The makeup of today’s workforce has changed radically. While it spans some five generations, the majority of workers are digital natives, Millennials and Gen Z born from the 1980s to early 2000s.
The new generations of digital-savvy employees expect a very different work style. The workplace is now where you choose to work, not where you go to work. And for that you need technology that allows you to communicate and collaborate, seamlessly and effortlessly, wherever you want.
This move from office workplace to remote working has been underway for some time. IDC forecast that nearly 75% of the total US workforce would be mobile workers by the end of 2020
That was before recent events, which has resulted in 72% of companies either encouraging or requiring their employees to work remotely, according to our survey1.
And that also means it is here for the long-term, with 77% of employees feeling that companies will be more open to remote working once things return to normal.
So with remote working a permanent feature, now is the time to invest in the systems and methods to make the most of the new way of working. Improve security by loosening control 4 steps to protecting the new global workspace.
As the majority of people now have to work remotely, there is a rush to make sure that the systems are in place to let them do so, efficiently and effectively. While there are far better tools for remote work than ever before, they are not suited to all.
There are some workers who use proprietary legacy software or use special tools, such as plotters or high-volume scanners. But IT teams need to be aware of a number of key issues when preparing the business for remote working.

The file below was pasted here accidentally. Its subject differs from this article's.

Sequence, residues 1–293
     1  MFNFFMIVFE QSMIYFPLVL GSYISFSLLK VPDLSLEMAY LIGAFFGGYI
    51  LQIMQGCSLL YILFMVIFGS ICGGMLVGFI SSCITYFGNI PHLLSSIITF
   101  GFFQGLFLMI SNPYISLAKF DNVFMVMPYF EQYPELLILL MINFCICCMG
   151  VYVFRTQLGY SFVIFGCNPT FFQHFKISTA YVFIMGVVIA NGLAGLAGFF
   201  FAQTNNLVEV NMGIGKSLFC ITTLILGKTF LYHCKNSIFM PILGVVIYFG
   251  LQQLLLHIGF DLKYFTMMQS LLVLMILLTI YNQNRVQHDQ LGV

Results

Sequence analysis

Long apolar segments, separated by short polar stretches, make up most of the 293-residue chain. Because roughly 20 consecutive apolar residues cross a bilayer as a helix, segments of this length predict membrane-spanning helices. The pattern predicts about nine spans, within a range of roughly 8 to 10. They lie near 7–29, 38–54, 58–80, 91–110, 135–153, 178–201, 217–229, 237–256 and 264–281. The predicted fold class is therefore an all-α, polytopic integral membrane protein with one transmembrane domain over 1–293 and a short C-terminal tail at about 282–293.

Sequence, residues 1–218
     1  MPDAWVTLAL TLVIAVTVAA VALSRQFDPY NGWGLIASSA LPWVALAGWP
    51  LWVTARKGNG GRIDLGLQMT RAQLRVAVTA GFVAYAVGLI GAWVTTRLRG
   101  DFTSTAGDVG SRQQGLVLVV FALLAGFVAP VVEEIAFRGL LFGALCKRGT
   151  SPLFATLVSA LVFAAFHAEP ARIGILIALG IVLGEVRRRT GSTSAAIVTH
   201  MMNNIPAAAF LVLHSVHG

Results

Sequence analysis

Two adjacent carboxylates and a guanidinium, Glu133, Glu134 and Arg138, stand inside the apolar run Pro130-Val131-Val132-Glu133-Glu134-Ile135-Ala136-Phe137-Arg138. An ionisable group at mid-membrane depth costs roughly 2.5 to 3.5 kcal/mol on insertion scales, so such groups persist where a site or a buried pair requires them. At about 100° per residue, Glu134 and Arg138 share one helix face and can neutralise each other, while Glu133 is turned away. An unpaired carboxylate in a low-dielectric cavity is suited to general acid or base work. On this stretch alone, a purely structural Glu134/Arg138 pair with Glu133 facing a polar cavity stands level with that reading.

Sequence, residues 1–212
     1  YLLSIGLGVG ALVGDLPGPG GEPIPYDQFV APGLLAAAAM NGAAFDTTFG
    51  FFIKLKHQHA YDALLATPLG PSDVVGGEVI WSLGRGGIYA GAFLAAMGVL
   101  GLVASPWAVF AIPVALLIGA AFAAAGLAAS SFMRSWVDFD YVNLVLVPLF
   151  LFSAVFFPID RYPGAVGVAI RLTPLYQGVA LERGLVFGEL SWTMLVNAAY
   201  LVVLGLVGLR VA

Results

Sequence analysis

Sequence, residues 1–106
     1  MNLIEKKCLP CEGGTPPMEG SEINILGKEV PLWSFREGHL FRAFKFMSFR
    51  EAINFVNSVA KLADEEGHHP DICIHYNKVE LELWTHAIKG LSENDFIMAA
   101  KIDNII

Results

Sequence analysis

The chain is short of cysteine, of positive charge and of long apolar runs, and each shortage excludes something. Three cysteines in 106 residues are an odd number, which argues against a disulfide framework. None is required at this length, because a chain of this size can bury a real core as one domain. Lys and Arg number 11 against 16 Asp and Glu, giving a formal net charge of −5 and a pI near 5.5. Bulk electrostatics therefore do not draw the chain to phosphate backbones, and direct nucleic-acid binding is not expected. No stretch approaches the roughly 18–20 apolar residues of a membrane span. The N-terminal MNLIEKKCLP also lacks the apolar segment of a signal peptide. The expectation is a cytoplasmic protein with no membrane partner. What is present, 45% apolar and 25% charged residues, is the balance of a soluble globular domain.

When you open remote access ports be careful not to increase the security risk and other consequences. Ransomware attackers are looking for such open ports. Make sure you configure the firewall to restrict remote traffic to known sources.
IT service desks are under pressure as they face more calls for help from remote users but can’t simply ‘drop by’ to fix problems. Wait times and time-to-repair are growing as remote support tools need to be added or activated.
Email is likely to remain the main means of communication for remote employees. It’s a fact that’s not gone unnoticed by hackers who are using messages about current events as bait to fool people into clicking on links in malware. The message needs to be reinforced with employees that not all email is as innocent as it may appear. Companies should, as a minimum, insist that all remote-working employees use an antivirus tool on any machine connecting to the corporate network.
Remote working at scale presents a major security challenge. The network edge now encompasses all remote networks–from out of-office locations to home networks. Where possible, IT teams need to know that those networks are properly set up and secure.
Where company devices are being used, what processes are used to help prevent physical access to valuable company data? If personal devices are being used, what protection is there for preventing computer viruses and malware reaching the core network?
Meeting the threat from this growing device sprawl may mean patching and securing remote endpoints.
Using a VPN to access the corporate network may also help security. But be careful that the sudden growth in traffic doesn’t slow performance and cause service interruptions.
Add two-factor authentication (2FA) as an additional layer of protection. If users connect to the network through a VPN make sure you are running the latest version of the software on all machines. If you have a security information and event management (SIEM) logging solution, be aware you will have to change the way it is configured.
You can no longer simply block different locations as users may be coming in from anywhere. If you use the cloud, you may have to check that users working remotely have access to the appropriate bandwidth for the work they need to do and videoconferencing.
One of the key perils in remote working is the same as the office—human error. Wherever they work, your people will make mistakes. They might click something they shouldn’t, send sensitive information to the wrong person or disable protections that get in their way. Most mistakes will be unintentional, some are not. So when it comes to securing the new global workspace, IT has to think differently
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